Thieves steal copper plaque dedicated to Leith dentist
A DEVASTATED dentist has told how thieves snatched a copper plate from her surgery doorway dedicated to her late dad and business partner.
The plaque to Frederick Allan Townsend was levered off the wall of Townsend Dental Practice in Ferry Road last Wednesday night.
Now daughter and surgery owner Kirsten Townsend has appealed for help in tracking down the sentimental keepsake.
“A patient was commenting on the fact that she “loved seeing” Dad’s plate still at the door. I said that I really ought to take it down but she said not to,” said Kirsten, 64.
“I was very sad to learn that it had been stolen and my mother has been particularly distressed by the event.
Former Broughton School student Mr Townsend bought the surgery, one of the oldest in the city, with wife May in 1954 after graduating from Edinburgh Dental School.
The couple were wed in 1951 at North Leith Parish Church in a ceremony brought forward before Mr Townsend headed to Malaya to complete his National Service in the Royal Army Dental Corps.
On his return, he set about turning the dilapidated premises into a thriving business with his wife, who helped out on reception and chair-side.
“As we lived ‘above the shop’ my father would see patients at all times,” recalled Kirsten.
“He would never turn away anyone in pain and I remember him extracting a tooth for a patient on Christmas Day.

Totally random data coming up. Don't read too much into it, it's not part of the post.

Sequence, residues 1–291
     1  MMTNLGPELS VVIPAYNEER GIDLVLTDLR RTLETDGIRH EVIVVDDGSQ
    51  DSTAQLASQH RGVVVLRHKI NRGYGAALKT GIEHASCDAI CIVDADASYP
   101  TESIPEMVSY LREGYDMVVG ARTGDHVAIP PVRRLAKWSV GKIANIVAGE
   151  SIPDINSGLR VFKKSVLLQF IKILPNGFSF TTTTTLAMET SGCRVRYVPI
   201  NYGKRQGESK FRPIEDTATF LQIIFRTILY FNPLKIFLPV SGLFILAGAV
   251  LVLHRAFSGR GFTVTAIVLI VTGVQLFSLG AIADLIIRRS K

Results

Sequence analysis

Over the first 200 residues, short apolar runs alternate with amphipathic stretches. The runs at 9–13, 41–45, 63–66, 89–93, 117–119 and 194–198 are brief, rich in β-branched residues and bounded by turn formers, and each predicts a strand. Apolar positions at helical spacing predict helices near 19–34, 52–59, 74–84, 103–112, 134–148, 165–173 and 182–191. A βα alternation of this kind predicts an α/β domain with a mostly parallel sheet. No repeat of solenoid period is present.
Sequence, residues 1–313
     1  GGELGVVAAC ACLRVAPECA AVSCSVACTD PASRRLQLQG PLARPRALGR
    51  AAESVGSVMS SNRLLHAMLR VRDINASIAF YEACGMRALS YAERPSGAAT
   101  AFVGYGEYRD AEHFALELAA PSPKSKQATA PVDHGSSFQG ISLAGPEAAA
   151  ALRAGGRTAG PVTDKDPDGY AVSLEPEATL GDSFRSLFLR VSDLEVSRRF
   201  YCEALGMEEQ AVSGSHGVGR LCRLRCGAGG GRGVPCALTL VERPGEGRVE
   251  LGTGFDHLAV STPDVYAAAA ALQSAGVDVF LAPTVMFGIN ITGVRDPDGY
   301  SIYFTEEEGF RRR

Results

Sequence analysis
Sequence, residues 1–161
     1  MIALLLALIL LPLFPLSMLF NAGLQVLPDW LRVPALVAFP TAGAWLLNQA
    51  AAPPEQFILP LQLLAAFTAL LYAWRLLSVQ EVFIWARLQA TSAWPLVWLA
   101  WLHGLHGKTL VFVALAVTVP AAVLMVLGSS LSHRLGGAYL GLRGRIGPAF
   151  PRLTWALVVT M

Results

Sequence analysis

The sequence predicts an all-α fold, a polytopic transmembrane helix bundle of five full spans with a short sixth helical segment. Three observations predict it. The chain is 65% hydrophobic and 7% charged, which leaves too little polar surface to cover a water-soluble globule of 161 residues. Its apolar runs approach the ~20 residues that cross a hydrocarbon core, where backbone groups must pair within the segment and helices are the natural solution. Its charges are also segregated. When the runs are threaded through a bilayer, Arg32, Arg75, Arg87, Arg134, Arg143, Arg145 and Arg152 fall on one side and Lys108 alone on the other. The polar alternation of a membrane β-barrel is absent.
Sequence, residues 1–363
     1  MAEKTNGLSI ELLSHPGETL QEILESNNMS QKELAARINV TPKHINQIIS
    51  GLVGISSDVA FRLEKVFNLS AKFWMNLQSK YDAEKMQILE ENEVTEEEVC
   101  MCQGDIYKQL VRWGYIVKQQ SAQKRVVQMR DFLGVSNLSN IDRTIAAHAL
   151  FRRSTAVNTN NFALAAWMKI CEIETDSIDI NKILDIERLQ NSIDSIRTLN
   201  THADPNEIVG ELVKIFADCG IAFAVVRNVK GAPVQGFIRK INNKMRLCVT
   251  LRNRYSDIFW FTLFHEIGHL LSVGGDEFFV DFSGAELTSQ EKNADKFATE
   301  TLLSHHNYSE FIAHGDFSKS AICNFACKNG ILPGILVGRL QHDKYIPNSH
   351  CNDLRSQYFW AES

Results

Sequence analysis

“He was an extremely kind, patient and popular man, a fact borne out till today by the number of people that continue to speak of him with huge affection. He was also an excellent dentist!”
When not in attending patients in the surgery, Mr Townsend enjoyed “an encyclopaedic knowledge” of airplanes and classical music, said Kirsten, who joined the practice in 1976.
“My father had the capacity to remember details about his patients’ lives and during his retirement was always happy to come across someone and stop to catch up,” she added.
Mr Townsend retired in February 1991 and died in December 2013 after a brief illness.
“The copper plate was symbolic of their hopes and aspirations and putting it up at the front door was a very proud moment and it has remained there until now,” said Kirsten.
“I understand that a lady who worked with Dad for many years and then with me until her retirement five years ago burst into tears when she heard the story.
“It’s an item of little monetary value, a few pounds worth of scrap copper but the quite astounding messages and depth of feeling that have been relayed to me regarding the theft are a comforting measure of the true value of the man.”
Police are investigating and anyone with information can contact officers on 101 quoting incident 761 of Thursday May 17 or Crimestoppers anonymously on 0800 555 111.
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